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Jeff Pickett

“You are not a failure. Failure is an event that you experienced.”
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City: Sioux Falls, S.D.

Age: 54

What is the story related to mental health, suicide, and/or resilience that you’d like to share?

About 10 years ago I went through a painful divorce that led me to think some pretty unhealthy thoughts. I was between jobs, only saw my kids for a fraction of the time I used to from being separated, and I felt so isolated. I didn’t see a light at the end of the tunnel as additional challenges came my way. I remember going through this dark time, and it was hard to get out of bed.

All seemed hopeless.

But when I stopped to consider my thoughts and possible actions, I began to realize how selfish my thinking was, and that if my unhealthy thoughts turned to actions, my very young daughters would be left without a father to help them in life. My actions would result in a downstream catastrophe that I did not want to be a part of. My daughters deserved better than that.

I soon realized that my current situation was not something I would allow myself to be identified with. There was hope the whole time—I just wasn’t looking hard enough. There was more life for me to be a part of.
I decided to stop feeling sorry for myself and to put others first. I renewed my faith, started going to church and even volunteered my time at church so I could think less about poor me and instead focus on how I could help others. I also started journaling.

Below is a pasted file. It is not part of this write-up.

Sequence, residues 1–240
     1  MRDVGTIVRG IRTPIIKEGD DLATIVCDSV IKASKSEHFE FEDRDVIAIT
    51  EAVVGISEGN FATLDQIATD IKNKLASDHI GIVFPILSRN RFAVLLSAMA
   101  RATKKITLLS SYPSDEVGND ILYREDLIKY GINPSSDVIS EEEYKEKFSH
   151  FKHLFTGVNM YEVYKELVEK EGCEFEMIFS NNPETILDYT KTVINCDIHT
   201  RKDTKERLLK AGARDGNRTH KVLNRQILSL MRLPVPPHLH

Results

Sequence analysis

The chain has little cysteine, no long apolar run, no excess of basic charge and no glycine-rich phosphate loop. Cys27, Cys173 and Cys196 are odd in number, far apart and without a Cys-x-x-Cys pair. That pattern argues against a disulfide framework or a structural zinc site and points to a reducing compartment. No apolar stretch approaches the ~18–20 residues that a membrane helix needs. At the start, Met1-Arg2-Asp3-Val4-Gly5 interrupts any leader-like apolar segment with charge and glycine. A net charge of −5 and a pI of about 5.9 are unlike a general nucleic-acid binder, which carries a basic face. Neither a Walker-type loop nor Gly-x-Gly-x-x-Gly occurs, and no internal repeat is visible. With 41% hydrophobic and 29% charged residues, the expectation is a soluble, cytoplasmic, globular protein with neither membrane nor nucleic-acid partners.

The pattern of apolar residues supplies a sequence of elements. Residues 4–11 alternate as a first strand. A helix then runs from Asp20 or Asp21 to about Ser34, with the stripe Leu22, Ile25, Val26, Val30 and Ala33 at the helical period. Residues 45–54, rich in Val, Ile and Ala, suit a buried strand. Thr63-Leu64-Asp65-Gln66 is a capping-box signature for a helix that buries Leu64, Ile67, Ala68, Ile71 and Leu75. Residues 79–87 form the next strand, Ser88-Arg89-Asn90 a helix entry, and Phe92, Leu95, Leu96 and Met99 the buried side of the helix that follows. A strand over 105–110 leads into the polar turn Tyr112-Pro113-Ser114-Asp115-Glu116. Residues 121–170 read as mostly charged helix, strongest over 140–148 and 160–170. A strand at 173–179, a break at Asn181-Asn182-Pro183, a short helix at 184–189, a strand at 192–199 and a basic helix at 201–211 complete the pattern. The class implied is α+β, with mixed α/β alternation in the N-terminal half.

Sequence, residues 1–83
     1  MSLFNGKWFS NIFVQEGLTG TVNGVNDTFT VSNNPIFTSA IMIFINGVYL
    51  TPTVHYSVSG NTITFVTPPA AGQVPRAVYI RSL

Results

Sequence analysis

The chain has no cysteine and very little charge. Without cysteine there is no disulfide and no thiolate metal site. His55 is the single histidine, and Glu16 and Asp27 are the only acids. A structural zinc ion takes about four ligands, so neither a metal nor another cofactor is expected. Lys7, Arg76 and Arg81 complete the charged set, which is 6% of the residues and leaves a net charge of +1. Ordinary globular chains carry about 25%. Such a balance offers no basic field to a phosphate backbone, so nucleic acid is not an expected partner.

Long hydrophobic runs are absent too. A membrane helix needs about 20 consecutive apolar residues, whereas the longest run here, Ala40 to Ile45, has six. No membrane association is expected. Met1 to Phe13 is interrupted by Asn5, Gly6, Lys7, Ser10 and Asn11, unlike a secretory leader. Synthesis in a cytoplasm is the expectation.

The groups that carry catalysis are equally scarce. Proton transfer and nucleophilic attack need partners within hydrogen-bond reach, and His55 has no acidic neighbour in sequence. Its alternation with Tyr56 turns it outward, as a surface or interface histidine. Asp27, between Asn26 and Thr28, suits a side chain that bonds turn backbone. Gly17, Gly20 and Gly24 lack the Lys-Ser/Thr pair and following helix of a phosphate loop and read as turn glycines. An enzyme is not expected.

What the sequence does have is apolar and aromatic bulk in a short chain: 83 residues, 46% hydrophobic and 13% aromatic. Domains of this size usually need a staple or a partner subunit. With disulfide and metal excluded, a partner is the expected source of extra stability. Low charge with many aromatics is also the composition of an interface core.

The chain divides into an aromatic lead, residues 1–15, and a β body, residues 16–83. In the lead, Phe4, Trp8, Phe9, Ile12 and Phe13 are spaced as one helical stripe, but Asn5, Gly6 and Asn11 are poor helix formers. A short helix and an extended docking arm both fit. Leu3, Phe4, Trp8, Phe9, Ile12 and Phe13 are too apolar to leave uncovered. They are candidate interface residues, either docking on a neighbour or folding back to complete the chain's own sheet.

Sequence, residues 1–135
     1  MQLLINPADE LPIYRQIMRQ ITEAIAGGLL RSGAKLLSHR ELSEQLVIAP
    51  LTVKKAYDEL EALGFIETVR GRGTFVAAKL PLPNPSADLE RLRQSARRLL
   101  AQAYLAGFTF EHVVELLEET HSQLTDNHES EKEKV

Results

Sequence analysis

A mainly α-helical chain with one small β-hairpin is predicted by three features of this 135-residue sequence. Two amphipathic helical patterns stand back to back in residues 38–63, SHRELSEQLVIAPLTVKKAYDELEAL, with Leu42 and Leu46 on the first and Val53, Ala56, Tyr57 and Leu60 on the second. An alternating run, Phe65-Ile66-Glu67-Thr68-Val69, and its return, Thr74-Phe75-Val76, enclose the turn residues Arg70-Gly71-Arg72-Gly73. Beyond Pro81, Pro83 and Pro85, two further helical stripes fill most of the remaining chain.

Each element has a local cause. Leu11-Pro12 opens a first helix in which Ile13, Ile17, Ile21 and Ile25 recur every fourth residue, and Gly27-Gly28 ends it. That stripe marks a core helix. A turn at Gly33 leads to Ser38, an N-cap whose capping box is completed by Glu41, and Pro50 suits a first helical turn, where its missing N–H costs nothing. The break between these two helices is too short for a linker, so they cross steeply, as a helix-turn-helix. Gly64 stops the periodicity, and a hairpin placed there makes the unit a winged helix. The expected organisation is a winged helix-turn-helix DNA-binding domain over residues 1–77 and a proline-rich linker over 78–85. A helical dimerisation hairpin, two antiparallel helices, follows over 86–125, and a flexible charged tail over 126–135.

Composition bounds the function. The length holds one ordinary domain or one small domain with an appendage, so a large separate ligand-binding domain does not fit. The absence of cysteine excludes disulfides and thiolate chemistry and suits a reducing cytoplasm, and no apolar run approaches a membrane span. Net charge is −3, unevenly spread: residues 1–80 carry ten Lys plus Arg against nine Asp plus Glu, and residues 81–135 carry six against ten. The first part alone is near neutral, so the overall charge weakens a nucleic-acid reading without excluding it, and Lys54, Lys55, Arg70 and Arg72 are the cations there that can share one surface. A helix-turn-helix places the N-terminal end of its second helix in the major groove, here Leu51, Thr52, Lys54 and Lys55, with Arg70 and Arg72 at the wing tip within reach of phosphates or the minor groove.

As you might expect, life did get better. A few years later I met an amazing woman and soon-to-be stepmother, and I can put the past behind me. Today I’m in a much better place where I am still a work in progress, but still progressing and still growing, even at 54.

What resources have helped you to address this challenge?

Journaling was a big resource for me. Faith and stoicism were other resources I turned to. Some therapy was also involved. I may get a tattoo of the Stoic phrase Amor Fati (lover of fate). It is the embrace of your fate, even if things go bad, because we learn from our mistakes and failures. If we see past failures as learning times, then we can come out on the other side a better person.


Based on your experience, how can we work to build resilience in ourselves, our loved ones, and in our communities to better face life’s challenges?

We can work to build resilience when we remember our loved ones over ourselves and what we have to contribute, regardless of how worthless we may think we are at times. Sometimes we have to be beyond ourselves, which isn’t always easy, but it’s worth it in the end. Put reminders up (like tattoos) to remind yourself of where you’ve been and where you want to go!

What is one thing related to mental health, suicide, or resilience that you wish everyone could understand?

You are not a failure. Failure is an event that you experienced.

In crisis?

Call or text 988.


The Lost&Found Association came to life in 2010 thanks to a team of soon-to-be college students committed to making a difference in the lives of peers struggling with depression and suicide.

Today, Lost&Found is a growing education and advocacy nonprofit that serves students on 15 college campuses, offering resilience-building programming and connecting students in need with support communities.